1.24      The Guide, and the subsequent consultation process, was subject to significant and vigorous public debate. This debate has been outlined in multiple public reports, including the House of Representatives committee inquiry into the impact of the Murray-Darling Basin Plan in Regional Australia report titled, Of drought and flooding rains: Inquiry into the impact of the Guide to the Murray-Darling Basin Plan.[20] The government (including MDBA and SEWPaC) responded to a number of issues raised in this report when developing the Basin Plan.

Proposed Basin Plan, November 2011

1.25      Based on stakeholder feedback, the MDBA continued to amend proposals (from the Guide) to manage the Basin system and on 28 November 2011 released the first version of the Basin Plan (November 2011). Again, this document was developed for the purposes of further consultation. Accompanying the Basin Plan (November 2011) was the Plain English Summary of the proposed basin plan which attempted to set out the key aspects of the proposals in easy to understand language.

1.26      In Basin Plan (November 2011), the MDBA outlined the specific long-term ESLT including the target of a reduction in take of 2750 GL/y in surface water to achieve certain environmental outcomes. This plan also proposed increases to the levels of groundwater SDLs from 2095 GL/y in the Guide to 4340 GL/y (see chapter 3).[21] The Basin Plan (November 2011) was followed by a 20-week consultation period. It was intended that the results of this consultation period would 'inform the development of the Basin Plan.'[22]

Proposed Basin Plan – a revised draft, May 2012

1.27      Following this consultation period, the MDBA released a revised draft of the Basin Plan in May 2012.[23] This version incorporated changes which were raised during the consultation process and also reflected new information. Supporting Basin Plan (May 2012) was a summary of the changes and information received through the MDBA's public consultation process. The Basin wide return of surface water to the environment remained at 2750 GL/y; however, the total groundwater SDL figures had been reduced from 4340 GL/y to 3184 GL/y.[24]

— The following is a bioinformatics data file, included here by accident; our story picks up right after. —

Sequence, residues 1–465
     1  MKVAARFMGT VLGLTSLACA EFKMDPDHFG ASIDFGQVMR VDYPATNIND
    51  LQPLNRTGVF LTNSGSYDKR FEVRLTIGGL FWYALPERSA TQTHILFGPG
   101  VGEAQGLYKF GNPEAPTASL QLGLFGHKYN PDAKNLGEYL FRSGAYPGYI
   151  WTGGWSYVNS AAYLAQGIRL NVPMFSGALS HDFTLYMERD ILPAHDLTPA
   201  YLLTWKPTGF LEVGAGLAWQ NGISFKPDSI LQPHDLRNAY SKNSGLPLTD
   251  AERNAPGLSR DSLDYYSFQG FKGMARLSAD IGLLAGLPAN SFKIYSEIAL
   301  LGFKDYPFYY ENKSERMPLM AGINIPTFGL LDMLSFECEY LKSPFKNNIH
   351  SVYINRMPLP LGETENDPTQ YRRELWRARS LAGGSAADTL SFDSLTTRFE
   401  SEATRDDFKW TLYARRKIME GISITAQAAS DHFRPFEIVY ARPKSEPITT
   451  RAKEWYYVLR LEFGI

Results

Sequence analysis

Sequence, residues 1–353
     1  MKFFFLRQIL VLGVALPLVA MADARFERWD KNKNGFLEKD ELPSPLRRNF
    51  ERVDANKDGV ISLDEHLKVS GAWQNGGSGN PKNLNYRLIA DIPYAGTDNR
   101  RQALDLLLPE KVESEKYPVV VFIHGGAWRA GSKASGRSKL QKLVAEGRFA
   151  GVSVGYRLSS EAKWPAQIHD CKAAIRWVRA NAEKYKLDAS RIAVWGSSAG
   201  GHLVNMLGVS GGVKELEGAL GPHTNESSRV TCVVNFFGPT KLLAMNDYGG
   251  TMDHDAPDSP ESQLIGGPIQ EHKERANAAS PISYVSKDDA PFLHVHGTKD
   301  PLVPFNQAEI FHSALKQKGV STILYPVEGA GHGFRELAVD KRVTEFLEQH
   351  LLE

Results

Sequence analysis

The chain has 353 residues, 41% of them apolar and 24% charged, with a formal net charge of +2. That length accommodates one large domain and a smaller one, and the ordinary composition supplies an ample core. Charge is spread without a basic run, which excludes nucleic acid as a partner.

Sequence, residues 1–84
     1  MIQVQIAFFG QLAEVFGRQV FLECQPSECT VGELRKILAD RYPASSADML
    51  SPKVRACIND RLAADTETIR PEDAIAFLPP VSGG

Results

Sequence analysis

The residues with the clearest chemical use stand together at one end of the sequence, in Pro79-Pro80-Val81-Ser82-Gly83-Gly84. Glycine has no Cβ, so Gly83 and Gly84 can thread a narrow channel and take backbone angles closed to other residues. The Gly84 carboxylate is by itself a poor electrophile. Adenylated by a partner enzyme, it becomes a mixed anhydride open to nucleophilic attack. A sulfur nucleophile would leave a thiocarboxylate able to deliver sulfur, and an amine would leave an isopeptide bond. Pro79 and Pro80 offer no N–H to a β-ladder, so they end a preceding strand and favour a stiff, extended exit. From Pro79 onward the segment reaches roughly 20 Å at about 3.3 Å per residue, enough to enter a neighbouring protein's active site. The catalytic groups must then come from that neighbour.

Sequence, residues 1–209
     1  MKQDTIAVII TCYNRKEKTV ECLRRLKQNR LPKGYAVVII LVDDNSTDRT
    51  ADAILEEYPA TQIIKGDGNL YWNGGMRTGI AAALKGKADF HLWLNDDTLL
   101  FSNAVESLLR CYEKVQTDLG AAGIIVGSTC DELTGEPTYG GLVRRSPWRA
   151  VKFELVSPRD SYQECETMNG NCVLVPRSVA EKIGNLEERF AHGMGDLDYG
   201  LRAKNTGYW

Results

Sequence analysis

1.28      The Basin Plan (May 2012) was provided to the Murray-Darling Basin ministerial council. The ministerial council had a six-week period to consider and comment on the Basin Plan (May 2012) and make suggested changes.[25]

Ministerial council comments on draft Proposed Plan

1.29      On 9 July 2012, the ministerial council provided the MDBA with its additional comments on Basin Plan (May 2012). The comments raised by the ministerial council as a whole included:

1.30      In addition to the Council’s feedback, each Basin state provided individual state-based comments to the MDBA for further consideration. These comments detailed state-specific concerns. This included the call from South Australia for more water to be recovered for environmental purposes, and the contrary arguments from Victoria and New South Wales for less water to be returned due to social and economic impacts on communities.[27]

Altered Proposed Basin Plan, August 2012

1.31      After receiving the ministerial council comments, the MDBA also sought further advice from 'the Basin Community Committee, national peak bodies, key scientists and technical experts, indigenous representatives and local government representatives from areas most likely to be affected by the Ministers' propositions.'[28]

1.32      On 28 August 2012, following this further consultation, the MDBA released the Basin Plan (August 2012). The MDBA indicated that it attempted to incorporate matters where there was a consensus position among basin states.[29] The main changes that were reflected in the Basin Plan (August 2012) included:

1.33      The Basin Plan (August 2012) was also provided to the Commonwealth Minister, the Hon. Tony Burke MP on 28 August. Minister Burke later provided further feedback to the MDBA for consideration.

Final Basin Plan

1.34      The final Basin Plan was presented to Parliament on 26 November 2012. There were defeated disallowance motions in the House of Representatives on 29 November 2012 and the Senate on 28 November 2012. The Basin Plan commenced the day after its registration.[32]

1.35      A central feature of the final Basin Plan is the maintenance of 2750 GL/y as the reduction in the environmentally sustainable level of take. However, the Basin Plan also incorporated the following key changes since the Basin Plan (August 2012):

Navigation: Previous Page | Contents | Next Page

Top